12 February 2009 Edition
Cuba's Revolution 50th anniversary celebration in Dublin
A revolution of the peasants and the poor
BY ELLA O’DWYER
THE 50th anniversary of the Cuban revolution was celebrated in Liberty Hall in Dublin last Friday night. It was a colourful evening of music and song with the walls strewn with pictures of iconic images of when Fidel and Che brought freedom to the island. As well as praising the revolution, the event raised funds for Cuba’s Hurricane Relief Fund.
Frances Black, Liam Ó Maonlaí, Cormac Breathnach and a host of Latin American artists set the stage for the speakers, Sinn Féin President Gerry Adams, SIPTU President Jack O’Connor and Cuban Ambassador Noel Carrillo.
Gerry Adams pointed out that there are very strong ties between the people of Cuba and the people of Ireland. Apart from Che Guevara’s obvious connection through the name Lynch in his lineage, Adams added:
“During the Cromwellian period, 50,00 Irish people – men and women but mostly children – were transported to the Caribbean, to Barbados and that part of the world as slaves.”
Adams cited James Connolly, who once spoke about internationalism being founded upon a free federation of free peoples.
“I think that in many, many ways what the people of Cuba have done in terms of their internationalism has been mighty.
“There are at this time in the world thousands of people who have been educated, who have become doctors trained in Cuba. At any time, in different parts of the developing world, we find that there are Cuban doctors and others working in places where otherwise people wouldn’t have a chance of getting that standard of medical attention.”
Adams recalled a visit he paid to Cuba with some comrades on the anniversary of the Hunger Strikes, back in 2001. He met Fidel.
“He was mesmerised by the Irish language and he wanted to hear what the Irish language sounded like.”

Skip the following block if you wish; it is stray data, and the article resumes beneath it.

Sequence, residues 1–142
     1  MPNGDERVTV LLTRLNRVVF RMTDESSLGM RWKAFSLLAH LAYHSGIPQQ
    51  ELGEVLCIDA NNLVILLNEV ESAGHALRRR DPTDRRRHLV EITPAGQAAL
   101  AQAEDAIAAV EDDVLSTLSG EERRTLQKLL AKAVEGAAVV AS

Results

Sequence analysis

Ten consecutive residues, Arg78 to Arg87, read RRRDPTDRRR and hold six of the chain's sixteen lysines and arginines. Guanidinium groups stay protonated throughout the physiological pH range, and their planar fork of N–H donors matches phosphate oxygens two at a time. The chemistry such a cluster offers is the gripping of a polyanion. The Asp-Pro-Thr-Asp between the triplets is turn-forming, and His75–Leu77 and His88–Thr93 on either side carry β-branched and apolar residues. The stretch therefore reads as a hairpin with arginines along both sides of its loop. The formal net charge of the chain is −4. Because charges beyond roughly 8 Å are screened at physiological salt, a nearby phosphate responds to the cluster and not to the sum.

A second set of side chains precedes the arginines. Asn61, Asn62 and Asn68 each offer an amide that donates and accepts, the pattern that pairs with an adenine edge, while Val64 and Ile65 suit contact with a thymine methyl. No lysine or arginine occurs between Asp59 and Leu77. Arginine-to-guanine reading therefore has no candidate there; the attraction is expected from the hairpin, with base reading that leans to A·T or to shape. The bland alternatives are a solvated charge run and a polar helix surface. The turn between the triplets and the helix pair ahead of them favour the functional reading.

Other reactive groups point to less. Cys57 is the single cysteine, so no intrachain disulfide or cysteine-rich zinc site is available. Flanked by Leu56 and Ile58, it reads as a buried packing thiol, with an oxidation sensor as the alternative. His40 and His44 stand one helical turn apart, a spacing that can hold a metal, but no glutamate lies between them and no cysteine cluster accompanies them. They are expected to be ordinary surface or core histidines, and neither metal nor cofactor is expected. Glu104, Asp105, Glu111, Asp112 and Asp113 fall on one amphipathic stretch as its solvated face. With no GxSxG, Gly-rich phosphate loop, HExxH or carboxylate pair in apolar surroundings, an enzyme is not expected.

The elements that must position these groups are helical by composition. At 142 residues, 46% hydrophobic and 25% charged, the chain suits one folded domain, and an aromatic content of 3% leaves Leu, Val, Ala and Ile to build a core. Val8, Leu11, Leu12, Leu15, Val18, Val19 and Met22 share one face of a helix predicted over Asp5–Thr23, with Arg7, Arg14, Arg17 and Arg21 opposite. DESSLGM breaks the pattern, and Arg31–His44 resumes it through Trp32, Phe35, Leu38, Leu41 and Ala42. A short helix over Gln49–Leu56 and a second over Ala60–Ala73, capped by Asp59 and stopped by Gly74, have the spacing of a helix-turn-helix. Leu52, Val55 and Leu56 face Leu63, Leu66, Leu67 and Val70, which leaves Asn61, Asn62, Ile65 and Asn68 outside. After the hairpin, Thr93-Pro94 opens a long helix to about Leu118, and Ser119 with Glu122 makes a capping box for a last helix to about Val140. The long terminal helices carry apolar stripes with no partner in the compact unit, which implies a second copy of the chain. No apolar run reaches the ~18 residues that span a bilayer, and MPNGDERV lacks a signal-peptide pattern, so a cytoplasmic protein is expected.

The audience were flung into peels of laughter as Gerry went on to recount the scene of Fidel and himself reciting the Hail Mary. “Fidel asked us to say the Hail Mary in Irish and he said it in Spanish.”
Adams was astonished by Castro’s knowledge of Ireland. Fidel was, as Adams put it, “almost forensic” in his desire to know more about Ireland.
SIPTU President Jack O’Connor said that Liberty Hall was a most appropriate place in which to celebrate the Cuban Revolution and the event caused him to reflect on what it was all about.
“I came to the conclusion, somewhat belatedly, that the greatest achievements of the Cuban revolution were those which were recorded after the fall of the Soviet Union and not prior to that because, when you think it through, the actual greatest single achievement of the Cuban Revolution was the fact that it has survived for 20 years after the fall of the Soviet Union despite the embargo imposed by the greatest economic and military power on earth. It’s not that it survived as a political entity, it’s that it survived as a human revolutionary process.”
Besides the more material proofs of the success of the Cuban Revolution, O’Connor identified the core lesson of the Cuban story.
“They have disproved the fundamental tenets of neo-liberalism. They have disproved the notion that it is necessary for humanity to survive, for civil societies to survive and progress, to employ all the vices of the free market system.”
Cuban Ambassador Noel Carrillo said:
“We have a very similar history Ireland and Cuba: a history of long periods of colonisation, an attempt to banish a whole nation. In the case of Cuba, when the revolution took place it was a revolution of peasants and the poor for social justice. That was the main reason for the revolution. Practically the whole economy was in the hands of American companies – especially the land, which was in a very few hands.
“Our peasants and workers were submitted to the most horrendous exploitation in our continent. So the revolution gave the workers the right to own the factories and gave the peasants the right to own the land and their production.”
One of the biggest challenges for Cuba was the elimination of illiteracy, he said.
“We had a big campaign to eliminate illiteracy. And later on we started to develop the minds of our people. We don’t have large economic resources; our main resource is the human capacity to develop the country. So we develop the human resources in our country.”
And he let everyone in Ireland in on a little secret.
“Somebody asked me what is the secret of the revolution to keep its vitality for the last 50 years and have plans for the future. I don’t think I’ll put the revolution at risk by telling you the secret of its success: maintaining unity and social justice and promoting human values and solidarity.”